Pavane Op 50
by Gabriel Faure
The work was written for orchestra, but Faure went on to pen an arrangement that included a choir, although only the original version remains in regular performance today. It’s thought that Fauré probably added the chorus at the request of countess Greffulhe, a wealthy patron of the arts in Paris.
The Pavane began life as a sixteenth-century court dance, and is thought most likely to have originated in Italy. Fauré’s take on the genre is a beautiful example, flowing gracefully and freely in a thoroughly enchanting way. Its success spurred him on towards writing his Requiem, which he had virtually completed a year later.
The orchestral version was first performed at a Concert Lamoureux under the baton of Charles Lamoureux on November 25, 1888. Three days later, the choral version was premiered at a concert of the Société Nationale de Musique. In 1891, the Countess finally helped Fauré produce the version with both dancers and chorus, in a “choreographic spectacle” designed to grace one of her garden parties in the Bois de Boulogne.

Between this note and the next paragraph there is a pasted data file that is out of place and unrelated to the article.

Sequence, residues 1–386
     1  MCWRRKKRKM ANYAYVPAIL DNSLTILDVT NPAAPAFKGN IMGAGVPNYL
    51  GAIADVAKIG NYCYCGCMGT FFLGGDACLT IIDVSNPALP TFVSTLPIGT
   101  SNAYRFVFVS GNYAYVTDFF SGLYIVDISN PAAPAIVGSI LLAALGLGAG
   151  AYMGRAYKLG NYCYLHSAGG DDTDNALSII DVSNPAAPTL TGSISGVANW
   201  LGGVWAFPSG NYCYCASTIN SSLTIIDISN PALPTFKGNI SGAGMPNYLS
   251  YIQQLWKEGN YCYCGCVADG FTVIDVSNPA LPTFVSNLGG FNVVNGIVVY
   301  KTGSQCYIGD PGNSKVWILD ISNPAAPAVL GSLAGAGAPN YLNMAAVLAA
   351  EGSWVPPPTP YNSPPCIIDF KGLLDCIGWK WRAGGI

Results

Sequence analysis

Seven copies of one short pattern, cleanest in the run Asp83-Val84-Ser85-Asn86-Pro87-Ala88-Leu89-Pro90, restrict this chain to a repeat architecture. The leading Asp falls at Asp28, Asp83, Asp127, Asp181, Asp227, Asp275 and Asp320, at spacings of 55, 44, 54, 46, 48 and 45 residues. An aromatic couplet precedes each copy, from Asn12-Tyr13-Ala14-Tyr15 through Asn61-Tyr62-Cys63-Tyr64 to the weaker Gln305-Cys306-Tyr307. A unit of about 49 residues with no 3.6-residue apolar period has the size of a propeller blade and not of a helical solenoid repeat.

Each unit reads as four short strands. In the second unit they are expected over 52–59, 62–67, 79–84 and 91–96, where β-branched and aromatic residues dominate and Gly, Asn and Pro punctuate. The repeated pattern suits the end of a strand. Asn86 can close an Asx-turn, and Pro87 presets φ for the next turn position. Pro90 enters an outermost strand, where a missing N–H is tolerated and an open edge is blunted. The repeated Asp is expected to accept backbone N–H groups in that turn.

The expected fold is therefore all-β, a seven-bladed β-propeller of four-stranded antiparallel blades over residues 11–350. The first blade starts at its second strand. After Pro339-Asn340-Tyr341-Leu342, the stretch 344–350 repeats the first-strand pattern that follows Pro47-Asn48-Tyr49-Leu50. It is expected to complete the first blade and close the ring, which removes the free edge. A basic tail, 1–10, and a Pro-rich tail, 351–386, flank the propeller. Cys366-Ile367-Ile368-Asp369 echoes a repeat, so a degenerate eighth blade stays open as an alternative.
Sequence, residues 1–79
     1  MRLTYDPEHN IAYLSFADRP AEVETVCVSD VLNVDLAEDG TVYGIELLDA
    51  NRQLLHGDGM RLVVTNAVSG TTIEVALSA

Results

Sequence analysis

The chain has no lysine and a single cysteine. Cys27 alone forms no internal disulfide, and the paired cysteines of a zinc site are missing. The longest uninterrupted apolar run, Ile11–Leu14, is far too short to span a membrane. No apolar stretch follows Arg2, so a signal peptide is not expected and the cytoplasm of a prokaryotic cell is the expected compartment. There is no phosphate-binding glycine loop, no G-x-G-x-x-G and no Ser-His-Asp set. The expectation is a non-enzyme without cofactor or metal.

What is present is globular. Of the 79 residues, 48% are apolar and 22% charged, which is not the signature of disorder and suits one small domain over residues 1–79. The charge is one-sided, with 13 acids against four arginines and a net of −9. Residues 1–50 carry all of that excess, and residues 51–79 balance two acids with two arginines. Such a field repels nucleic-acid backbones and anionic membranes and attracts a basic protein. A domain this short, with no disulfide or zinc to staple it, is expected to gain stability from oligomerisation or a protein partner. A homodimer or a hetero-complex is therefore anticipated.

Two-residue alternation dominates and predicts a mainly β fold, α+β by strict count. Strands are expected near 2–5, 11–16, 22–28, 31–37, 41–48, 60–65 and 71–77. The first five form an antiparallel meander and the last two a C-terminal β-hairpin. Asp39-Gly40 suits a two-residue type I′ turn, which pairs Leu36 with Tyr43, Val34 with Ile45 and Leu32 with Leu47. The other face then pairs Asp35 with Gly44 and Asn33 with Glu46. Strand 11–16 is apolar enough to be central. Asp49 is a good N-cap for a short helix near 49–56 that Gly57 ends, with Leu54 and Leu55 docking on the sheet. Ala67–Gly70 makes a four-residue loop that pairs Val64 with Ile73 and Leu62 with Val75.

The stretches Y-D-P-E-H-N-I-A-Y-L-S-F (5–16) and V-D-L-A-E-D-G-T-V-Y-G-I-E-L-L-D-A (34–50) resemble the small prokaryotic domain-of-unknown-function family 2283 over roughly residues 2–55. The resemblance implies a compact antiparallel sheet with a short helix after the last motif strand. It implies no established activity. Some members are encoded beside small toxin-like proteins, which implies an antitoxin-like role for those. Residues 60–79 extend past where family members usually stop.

From the outset, the Pavane has enjoyed immense popularity, whether with or without chorus. It entered the standard repertoire of the Ballets Russes in 1917, where it was alternatively billed as “Las Mininas” or “Les Jardins d’Aranjuez”. Fauré’s example was imitated by his pupils, who went on to write pavanes of their own: Ravel’s “Pavane pour une infante défunte” and Debussy’s Passepied from his “Suite bergamasque”.